Tapestry Rhododendron
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Tapestry is one of the famed Weston Hybrids
Hardiness: USDA 5 - 8 / Partial Shade / Moist Soil / can grow to 4 feet tall
'Tapestry' is a "lepidote", that is, an early blooming rhododendron with tiny scales on the underside of the leaves. [1] It is so easily grown it has become a standard choice for planting in less than ideal garden conditions. However, a careful balance of full sun and dappled shade (about 50-50) appears to be critical to a good proportion of leaves to blooms. Deadheading may encourage another period of blooming in late summer or early fall.

The Mezitt family, of Weston Nurseries at Hopkinton, Massachusetts, is responsible for a number of hardy rhododendron varieties. They have been breeding the plants for three generations, beginning in 1939. Some famous hybrids developed at the Weston Nursery include 'Blue Baron', the 'Tapestry' pictured here, 'Checkmate', 'Midnight Ruby', 'Red Quest', 'Cornell Pink', 'April Snow', 'April Cloud', 'Summer Peppermint', 'Mayflower', and 'Starry Night'. [2]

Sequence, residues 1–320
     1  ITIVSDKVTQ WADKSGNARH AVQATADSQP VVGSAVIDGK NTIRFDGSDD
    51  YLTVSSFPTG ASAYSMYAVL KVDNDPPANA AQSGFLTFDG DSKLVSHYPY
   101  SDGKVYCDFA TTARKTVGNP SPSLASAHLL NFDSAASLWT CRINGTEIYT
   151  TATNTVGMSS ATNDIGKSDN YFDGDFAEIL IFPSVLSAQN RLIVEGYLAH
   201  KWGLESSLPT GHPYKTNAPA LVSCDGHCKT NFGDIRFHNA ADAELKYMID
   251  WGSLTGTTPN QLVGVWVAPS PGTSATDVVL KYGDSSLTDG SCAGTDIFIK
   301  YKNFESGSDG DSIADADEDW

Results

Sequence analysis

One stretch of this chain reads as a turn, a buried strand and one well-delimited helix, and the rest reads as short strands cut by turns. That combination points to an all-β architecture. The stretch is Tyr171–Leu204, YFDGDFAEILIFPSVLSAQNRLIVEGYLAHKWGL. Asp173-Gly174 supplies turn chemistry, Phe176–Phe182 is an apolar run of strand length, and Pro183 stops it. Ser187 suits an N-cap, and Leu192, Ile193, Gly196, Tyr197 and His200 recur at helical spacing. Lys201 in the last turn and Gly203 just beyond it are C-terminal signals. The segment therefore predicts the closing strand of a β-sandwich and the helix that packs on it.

Tapestry Rhododendron Flowers
Calsap Rhododendron
Calsap Rhododendron
Girard's Fuschia Azalea
Girard's Fuschia Azalea
'Weston's Mayflower' Rhododendron
Weston's Mayflower
Hong Kong Rhododendron
Hong Kong Rhododendron
References:
  1. Brian Capon, Botany for Gardeners, 2nd ed. (Timber Press, Incorporated, 2004).
  2. Kenneth Cox, Rhododendrons & Azaleas: A Colour Guide (Crowood Press, 2005).
  3. Sonja Nelson, Rhododendrons in the Landscape (Timber Press, Incorporated, 2000).
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Common North American Flowers
A flower is the reproductive structure found in flowering plants (plants of the division Magnoliophyta, also called angiosperms). The flower contains the plant's reproductive organs, and its function is to produce seeds. After fertilization, portions of the flower develop into a fruit containing the seeds. 
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